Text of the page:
Posted by Larry Gleeson
The NAACP convenes a panel of storytellers to explore the myths and rigors of international distribution for black-themed content and leading roles.
Covering a plethora of relevant topics spanning from the beginning of the film industry to the present day, the convened panel of Mo Abudu, CEO, EbonyLife Group, Dr. Darnell Hunt, Dean of the Division of Social Sciences, and Professor of Sociology and African American Studies, UCLA, Johnny Jones, Executive Director of Worldwide Marketing Content, Warner Bros. Pictures, Gabriel Lerman, Board Member, Hollywood Foreign Press Association, Tirrell D. Whittley, CEO, Liquid Sou,l and moderator Kyle Bowser, SVP Hollywood Bureau, NAACP, delivered insight into the prevalent issues of international distribution of black-themed content and leading roles.
Here are a few pertinent questions and responses:
How might you answer the question of what is a black film?
Mo Abudu – “For me it’s been a real struggle, getting our foot in the door with African stories that are also black stories. Even if I’m knocking on the door of an African American, it’s kind of tough going because they’ve got African American stories they want to tell.”
“So yes, we’re getting our foot in the door, and we’re being listened to, and we’re having to work twice as hard. I keep saying that there are three levels of discrimination for an African woman – number 1, you are a woman, number 2, you are a black woman, number 3, I am an African black woman trying to sell an African story to either a white person or an African American person.”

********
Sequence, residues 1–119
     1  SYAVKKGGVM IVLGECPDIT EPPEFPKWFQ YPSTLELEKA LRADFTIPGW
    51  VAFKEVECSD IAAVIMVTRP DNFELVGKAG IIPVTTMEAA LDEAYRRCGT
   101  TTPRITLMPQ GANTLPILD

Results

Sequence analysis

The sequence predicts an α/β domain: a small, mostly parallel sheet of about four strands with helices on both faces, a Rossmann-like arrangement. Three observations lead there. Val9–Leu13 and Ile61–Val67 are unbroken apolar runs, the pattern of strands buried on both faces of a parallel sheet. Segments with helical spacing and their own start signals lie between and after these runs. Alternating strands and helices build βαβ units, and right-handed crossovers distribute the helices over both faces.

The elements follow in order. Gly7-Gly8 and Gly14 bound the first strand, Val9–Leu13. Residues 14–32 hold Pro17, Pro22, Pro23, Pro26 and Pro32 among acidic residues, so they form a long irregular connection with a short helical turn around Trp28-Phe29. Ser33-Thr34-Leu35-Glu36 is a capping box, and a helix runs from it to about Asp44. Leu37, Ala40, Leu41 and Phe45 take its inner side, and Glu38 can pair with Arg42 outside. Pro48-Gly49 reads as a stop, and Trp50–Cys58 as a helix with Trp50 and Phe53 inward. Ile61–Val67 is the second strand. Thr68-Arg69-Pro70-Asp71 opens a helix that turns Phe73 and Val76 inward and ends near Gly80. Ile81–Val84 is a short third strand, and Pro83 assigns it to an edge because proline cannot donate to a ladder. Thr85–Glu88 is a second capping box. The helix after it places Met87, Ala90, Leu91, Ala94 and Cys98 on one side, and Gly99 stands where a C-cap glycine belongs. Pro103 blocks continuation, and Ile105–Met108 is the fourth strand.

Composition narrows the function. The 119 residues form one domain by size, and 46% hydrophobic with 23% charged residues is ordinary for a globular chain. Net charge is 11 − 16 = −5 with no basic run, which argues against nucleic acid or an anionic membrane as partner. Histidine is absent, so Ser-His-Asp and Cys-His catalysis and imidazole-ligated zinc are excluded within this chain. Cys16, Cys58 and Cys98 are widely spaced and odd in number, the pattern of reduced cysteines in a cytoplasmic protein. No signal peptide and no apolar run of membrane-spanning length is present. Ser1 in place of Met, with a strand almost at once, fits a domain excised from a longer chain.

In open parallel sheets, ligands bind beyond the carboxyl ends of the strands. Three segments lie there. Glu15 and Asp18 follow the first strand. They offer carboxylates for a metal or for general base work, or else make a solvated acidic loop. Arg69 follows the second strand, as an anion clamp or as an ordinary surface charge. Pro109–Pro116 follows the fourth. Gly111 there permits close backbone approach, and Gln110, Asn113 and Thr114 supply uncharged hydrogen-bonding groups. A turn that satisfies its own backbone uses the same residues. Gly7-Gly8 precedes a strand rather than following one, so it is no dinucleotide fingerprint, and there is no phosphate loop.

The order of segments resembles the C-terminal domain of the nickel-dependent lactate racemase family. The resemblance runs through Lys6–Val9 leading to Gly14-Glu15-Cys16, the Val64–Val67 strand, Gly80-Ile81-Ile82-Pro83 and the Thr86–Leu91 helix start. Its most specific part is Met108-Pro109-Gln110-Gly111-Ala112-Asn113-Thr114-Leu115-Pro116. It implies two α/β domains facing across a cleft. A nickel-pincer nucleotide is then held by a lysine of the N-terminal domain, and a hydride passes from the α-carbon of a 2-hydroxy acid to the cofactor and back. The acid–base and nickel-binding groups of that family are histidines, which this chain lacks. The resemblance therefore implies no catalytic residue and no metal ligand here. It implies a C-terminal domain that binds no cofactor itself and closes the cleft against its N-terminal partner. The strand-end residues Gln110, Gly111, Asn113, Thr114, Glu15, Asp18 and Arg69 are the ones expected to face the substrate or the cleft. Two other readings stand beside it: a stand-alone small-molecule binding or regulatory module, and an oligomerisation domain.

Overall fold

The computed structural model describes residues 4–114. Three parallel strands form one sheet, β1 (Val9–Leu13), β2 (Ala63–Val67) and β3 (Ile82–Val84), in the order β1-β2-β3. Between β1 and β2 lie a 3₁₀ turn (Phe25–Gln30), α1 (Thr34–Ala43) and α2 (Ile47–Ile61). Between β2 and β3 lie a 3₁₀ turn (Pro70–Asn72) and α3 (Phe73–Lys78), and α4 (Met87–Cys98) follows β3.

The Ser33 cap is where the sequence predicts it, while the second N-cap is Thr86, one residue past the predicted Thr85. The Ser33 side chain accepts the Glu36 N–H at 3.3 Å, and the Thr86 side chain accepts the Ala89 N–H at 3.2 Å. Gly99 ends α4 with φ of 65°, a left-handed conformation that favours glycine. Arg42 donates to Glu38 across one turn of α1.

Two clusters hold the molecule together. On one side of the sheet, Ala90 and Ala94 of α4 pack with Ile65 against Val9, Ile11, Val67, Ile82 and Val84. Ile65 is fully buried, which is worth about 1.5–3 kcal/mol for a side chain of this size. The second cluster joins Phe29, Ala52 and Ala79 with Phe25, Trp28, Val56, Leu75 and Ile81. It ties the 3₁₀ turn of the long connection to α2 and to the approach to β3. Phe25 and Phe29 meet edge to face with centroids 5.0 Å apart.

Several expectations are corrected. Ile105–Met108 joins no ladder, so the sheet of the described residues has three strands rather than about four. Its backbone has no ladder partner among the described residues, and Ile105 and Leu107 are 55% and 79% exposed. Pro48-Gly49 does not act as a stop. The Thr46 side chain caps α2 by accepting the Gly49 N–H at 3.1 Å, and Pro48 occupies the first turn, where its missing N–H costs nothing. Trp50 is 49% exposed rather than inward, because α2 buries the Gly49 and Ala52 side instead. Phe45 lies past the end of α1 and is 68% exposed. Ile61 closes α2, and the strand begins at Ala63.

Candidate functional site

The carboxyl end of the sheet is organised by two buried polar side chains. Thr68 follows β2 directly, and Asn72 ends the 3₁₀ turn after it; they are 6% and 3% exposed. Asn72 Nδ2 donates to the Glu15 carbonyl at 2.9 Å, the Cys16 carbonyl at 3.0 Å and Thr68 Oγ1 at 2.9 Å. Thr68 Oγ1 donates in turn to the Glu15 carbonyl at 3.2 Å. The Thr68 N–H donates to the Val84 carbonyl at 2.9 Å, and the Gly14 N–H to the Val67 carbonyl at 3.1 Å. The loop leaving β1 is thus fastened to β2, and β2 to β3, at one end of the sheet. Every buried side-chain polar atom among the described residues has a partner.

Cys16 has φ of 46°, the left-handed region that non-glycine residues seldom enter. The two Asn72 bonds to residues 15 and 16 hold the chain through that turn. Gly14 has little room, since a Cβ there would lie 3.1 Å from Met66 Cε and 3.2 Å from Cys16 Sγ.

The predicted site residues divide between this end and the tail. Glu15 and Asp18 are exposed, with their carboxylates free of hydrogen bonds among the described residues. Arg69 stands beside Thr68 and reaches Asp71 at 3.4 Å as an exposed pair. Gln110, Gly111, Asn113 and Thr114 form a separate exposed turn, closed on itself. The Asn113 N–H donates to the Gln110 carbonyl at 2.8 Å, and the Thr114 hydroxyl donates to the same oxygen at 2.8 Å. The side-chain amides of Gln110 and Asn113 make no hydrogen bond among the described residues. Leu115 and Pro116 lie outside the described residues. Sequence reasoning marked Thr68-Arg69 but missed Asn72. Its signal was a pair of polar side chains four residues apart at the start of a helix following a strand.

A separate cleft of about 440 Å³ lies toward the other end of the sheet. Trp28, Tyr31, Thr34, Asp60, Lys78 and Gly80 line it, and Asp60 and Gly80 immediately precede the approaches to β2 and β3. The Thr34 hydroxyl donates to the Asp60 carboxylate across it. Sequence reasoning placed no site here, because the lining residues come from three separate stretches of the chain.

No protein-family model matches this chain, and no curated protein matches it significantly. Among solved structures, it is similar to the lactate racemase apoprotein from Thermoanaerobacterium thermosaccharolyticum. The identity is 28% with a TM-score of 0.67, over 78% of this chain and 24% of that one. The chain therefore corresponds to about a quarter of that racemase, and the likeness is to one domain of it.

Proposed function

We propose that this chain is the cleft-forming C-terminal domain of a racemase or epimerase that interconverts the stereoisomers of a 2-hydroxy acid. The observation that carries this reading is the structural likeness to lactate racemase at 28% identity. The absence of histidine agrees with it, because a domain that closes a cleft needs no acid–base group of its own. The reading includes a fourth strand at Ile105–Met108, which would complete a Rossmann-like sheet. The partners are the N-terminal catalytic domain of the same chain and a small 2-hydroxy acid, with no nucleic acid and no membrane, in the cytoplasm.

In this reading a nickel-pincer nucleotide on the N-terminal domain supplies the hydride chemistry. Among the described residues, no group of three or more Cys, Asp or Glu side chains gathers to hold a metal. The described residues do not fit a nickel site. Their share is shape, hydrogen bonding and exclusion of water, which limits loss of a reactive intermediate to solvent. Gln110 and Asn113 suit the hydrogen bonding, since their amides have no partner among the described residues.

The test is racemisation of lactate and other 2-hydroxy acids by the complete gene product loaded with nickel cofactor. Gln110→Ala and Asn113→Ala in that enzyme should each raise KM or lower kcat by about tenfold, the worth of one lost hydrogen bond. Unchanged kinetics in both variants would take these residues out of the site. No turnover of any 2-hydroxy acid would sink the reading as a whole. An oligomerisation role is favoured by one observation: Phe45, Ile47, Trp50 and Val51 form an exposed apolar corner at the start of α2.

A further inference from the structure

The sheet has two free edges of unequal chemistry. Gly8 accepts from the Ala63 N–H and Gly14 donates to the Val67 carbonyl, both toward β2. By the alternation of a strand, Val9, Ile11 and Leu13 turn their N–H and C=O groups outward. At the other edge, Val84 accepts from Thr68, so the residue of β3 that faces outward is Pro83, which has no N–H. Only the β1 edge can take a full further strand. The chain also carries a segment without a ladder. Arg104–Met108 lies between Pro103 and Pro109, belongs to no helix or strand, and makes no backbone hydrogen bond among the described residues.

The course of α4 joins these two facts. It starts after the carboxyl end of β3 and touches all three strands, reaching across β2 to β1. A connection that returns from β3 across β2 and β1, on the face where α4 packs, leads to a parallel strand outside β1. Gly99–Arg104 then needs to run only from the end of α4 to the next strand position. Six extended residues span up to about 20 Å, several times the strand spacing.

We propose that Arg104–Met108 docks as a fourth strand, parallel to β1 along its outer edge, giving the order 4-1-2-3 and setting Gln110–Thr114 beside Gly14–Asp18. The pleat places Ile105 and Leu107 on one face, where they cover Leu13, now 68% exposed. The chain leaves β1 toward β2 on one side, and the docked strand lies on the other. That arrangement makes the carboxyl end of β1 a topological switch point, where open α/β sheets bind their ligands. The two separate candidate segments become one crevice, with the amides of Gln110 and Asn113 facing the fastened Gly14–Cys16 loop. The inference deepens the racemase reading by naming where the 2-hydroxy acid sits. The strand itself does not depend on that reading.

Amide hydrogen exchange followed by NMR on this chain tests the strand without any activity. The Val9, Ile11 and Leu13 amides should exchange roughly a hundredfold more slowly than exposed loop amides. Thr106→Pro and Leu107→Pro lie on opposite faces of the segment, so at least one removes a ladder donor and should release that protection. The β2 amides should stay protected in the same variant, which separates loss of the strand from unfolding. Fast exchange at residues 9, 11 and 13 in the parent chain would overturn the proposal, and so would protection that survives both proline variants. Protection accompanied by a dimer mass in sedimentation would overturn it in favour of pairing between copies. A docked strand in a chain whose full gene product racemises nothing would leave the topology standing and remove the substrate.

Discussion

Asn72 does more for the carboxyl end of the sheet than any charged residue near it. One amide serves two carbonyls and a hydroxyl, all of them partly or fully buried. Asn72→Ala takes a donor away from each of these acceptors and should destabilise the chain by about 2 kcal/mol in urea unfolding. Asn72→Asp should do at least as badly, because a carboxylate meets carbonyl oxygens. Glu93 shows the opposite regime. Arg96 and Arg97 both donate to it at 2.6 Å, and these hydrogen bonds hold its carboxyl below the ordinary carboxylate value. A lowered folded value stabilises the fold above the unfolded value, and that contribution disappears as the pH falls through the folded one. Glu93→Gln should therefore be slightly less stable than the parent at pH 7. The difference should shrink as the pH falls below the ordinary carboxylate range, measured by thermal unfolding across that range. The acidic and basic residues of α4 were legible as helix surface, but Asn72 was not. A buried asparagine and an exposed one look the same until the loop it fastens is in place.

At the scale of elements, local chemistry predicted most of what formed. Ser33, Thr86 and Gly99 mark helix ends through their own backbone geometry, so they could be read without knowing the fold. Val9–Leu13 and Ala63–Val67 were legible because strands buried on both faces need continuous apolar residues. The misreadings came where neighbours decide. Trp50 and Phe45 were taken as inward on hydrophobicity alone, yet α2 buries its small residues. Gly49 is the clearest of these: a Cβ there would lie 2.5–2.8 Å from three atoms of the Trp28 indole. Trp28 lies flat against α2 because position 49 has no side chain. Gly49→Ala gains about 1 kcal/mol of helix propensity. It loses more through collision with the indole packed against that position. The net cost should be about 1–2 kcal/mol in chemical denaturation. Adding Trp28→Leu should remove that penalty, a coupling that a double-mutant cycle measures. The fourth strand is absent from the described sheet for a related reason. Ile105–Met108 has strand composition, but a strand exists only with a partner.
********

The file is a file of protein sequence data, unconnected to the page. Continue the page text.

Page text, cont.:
We do in fact have these gatekeepers who will conclude that we do not have enough demand to justify the investment…
Darnell Hunt – “Well I’m here to tell you that it’s all a myth – it’s not true….First of all, the thing you have to remember is that the global audience looks a lot more like American diversity than Europe, I mean Europe is only about 18% of the world’s population and maybe 22% of the world GDP – all the rest of it is this rainbow around the world who want to hear diverse stories. And one of the things we’ve seen in the US context is that, as diversity has become more common on-screen, diverse audiences flock to it, they want to see that. They’re not going back now.”
Kyle Bowser – “When you have these distributors who have this reticence to greenlight projects that need to travel internationally, I don’t think it’s simply because they’re not good stories or because there’s some shortcoming in the casting or whatever it is, I think implicitly, they are supporting a norm that was established long ago.”
Darnell Hunt – “White supremacy is real, and it works in many different ways – some of it is intentional, some of its implicit bias…some of it’s lack of imagination to appreciate and recognize a quality story when you see it because your experience does not support it. That’s why it’s important to have diverse voices in the executive suites for greenlighting these stories and we just don’t. All of our data shows that 92% of studio heads and CEOs are white, and about 87% are male – that freezes out a range of voices.”